One last point that I think is important. Beth Moore spends a lot of time talking about boundaries against sin. And mostly as she is describing them I am all for these types of boundaries. But I want a better description than what is fleshed out here. Discussions of things like the ‘Billy Graham Rule’ and other external sin boundary principles have been frequent lately. As I read When Godly People Do Ungodly Things, Moore talked a bit about heart boundaries and about the types of false boundaries that the Pharisees established. What I wanted more explicitly is a description of the difference between boundaries that protect your own heart from sin and boundaries that are established to protect your reputation from harm. Jesus had heart boundaries, or at the very least was able to live without sin, while crossing a lot of social and cultural boundary lines that were connected to sin boundaries. Pharisees were famous for establishing boundaries to keep people from sin, but also keeping people from the actual people that should be served. It seems to me that what we need are boundaries that protect our heart, but not necessarily our reputation. I do not want to complain too much about a point that was not particularly focused on in When Godly People Do Ungodly Things, but I do think it is an important part of the discussion.
When Godly People Do Ungodly Things is out of print now. The kindle edition is no longer available for purchase. I do think it a new edition of it could be re-written and be helpful. Christians need to think about sin and Satan more biblically. And I think we should be protecting ourselves from sin through spiritual disciplines and community and confession. But I also think that culture matters to how we think about sin.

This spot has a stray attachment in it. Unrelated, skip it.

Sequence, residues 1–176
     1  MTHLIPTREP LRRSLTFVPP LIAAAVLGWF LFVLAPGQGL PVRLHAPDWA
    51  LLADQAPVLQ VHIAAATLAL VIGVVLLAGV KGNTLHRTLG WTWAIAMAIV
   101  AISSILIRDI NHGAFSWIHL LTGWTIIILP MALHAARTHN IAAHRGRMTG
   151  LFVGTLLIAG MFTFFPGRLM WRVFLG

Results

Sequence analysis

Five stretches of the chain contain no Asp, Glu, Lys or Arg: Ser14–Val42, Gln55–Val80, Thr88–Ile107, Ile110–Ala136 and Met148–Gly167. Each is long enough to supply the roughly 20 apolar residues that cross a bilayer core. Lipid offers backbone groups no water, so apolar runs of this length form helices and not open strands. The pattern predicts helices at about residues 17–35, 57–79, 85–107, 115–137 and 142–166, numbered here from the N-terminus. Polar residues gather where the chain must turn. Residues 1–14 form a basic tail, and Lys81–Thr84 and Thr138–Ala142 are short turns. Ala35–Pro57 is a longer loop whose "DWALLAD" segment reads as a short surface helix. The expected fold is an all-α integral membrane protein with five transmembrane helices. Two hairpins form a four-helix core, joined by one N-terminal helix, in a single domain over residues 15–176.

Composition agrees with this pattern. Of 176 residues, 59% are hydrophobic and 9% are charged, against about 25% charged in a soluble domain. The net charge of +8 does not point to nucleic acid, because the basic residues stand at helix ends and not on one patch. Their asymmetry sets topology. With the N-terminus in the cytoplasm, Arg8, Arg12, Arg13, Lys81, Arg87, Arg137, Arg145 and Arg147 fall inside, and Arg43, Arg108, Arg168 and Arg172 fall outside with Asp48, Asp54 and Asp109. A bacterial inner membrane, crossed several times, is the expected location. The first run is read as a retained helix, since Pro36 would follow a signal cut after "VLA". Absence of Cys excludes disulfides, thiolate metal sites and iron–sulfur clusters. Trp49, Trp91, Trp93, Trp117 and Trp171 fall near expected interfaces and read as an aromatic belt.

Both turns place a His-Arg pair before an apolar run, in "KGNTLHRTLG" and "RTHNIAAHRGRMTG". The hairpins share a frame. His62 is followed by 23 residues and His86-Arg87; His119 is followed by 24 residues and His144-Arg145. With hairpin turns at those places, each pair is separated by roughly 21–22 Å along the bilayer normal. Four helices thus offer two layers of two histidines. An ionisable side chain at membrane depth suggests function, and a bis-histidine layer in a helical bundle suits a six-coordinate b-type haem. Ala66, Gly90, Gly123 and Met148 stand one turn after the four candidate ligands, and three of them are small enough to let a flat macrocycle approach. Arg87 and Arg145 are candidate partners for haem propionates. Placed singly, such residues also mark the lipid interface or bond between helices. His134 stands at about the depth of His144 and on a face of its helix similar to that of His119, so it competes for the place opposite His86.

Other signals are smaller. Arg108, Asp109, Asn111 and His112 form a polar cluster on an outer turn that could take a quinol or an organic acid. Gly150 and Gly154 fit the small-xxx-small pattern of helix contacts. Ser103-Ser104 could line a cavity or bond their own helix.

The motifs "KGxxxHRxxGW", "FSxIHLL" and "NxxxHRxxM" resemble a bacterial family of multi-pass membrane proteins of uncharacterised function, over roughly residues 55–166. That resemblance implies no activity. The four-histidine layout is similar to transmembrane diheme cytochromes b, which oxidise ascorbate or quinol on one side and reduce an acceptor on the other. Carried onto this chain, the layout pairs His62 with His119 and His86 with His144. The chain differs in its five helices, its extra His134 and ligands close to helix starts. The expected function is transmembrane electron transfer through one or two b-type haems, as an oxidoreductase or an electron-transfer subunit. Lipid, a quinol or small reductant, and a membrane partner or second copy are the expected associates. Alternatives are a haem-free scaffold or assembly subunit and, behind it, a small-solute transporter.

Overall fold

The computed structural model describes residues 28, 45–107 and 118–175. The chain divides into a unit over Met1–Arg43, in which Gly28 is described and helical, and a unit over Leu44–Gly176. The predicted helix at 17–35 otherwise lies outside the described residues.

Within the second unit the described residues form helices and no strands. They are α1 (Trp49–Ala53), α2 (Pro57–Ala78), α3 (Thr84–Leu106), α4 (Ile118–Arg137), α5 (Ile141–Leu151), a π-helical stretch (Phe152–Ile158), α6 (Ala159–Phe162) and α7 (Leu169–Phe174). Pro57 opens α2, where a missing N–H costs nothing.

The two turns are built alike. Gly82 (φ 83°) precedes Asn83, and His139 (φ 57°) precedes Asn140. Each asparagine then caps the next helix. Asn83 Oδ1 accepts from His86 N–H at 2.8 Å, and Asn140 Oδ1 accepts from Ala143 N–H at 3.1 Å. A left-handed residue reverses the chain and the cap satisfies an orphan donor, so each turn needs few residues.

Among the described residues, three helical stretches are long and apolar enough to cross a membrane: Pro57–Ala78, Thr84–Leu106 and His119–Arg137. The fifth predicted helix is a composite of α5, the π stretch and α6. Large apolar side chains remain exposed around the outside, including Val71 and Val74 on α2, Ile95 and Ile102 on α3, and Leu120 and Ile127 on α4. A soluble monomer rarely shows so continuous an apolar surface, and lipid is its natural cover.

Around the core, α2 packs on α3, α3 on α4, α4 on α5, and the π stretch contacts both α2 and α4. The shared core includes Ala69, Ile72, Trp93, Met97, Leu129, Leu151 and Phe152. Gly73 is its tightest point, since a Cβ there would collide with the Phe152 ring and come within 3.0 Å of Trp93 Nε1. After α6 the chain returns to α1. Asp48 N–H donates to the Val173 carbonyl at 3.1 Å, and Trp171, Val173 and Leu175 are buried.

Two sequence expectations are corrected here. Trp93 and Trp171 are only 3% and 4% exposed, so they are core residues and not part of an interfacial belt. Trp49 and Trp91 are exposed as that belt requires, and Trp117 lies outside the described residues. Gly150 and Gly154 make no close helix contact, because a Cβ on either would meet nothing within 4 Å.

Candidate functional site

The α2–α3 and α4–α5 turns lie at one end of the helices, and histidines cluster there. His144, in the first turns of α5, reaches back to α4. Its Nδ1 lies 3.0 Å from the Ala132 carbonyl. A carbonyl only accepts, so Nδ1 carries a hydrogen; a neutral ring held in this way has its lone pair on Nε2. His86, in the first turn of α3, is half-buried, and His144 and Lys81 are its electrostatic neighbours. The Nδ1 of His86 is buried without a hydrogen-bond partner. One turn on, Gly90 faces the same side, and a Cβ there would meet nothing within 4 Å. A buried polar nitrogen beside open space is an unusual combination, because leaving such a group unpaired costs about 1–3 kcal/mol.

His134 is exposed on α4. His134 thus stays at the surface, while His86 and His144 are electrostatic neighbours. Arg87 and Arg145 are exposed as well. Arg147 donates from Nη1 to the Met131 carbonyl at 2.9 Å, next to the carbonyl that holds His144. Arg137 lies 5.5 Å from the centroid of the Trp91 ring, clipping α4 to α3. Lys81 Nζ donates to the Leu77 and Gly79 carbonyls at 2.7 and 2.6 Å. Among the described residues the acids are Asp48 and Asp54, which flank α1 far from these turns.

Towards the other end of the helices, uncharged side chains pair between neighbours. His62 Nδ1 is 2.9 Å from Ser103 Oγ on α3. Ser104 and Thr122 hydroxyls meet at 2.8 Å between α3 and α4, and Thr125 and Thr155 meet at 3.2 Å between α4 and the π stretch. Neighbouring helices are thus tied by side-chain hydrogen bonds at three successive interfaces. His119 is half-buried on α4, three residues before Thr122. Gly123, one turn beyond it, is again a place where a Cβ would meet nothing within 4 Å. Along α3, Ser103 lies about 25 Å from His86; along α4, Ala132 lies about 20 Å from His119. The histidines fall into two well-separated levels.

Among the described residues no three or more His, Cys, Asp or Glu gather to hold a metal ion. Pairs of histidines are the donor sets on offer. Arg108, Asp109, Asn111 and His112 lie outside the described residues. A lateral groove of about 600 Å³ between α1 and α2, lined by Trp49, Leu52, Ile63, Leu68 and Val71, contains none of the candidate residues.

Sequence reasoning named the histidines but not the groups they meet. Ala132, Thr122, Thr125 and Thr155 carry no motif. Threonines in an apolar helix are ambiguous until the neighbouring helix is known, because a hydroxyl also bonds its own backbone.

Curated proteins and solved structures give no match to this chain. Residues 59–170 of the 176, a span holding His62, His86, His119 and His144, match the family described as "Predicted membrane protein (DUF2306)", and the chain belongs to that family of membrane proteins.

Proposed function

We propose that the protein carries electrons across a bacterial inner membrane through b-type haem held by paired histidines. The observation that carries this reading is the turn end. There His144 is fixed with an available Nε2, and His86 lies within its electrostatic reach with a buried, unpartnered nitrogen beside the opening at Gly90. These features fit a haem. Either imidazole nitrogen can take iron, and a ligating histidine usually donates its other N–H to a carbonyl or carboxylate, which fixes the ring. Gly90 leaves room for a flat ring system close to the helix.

Part of what I think we should think more about is what to do with people that are spiritually helpful, but tainted by sin. Graham Greene’s Whiskey Priest was able to give the sacraments and perform the duties of a priest even in sin, although his guilt was debilitating. But in a Protestant world where the emphasis is not on the sacraments, but the teaching, Christians in open sin that teach are something that much of the Protestant world does not really know how to deal with. And we either completely reject the person and the teaching or we embrace the sin as part of the teaching. Both approaches lack nuance and a real understanding of how sin corrupts and influences and how Christ changes us through his resurrection. Again, Richard Beck has a book that I think that is helpful here, Slavery of Death.
When Godly People Do Ungodly Things: Arming Yourself in the Age of Seduction by Beth Moore Purchase Links: Hardcover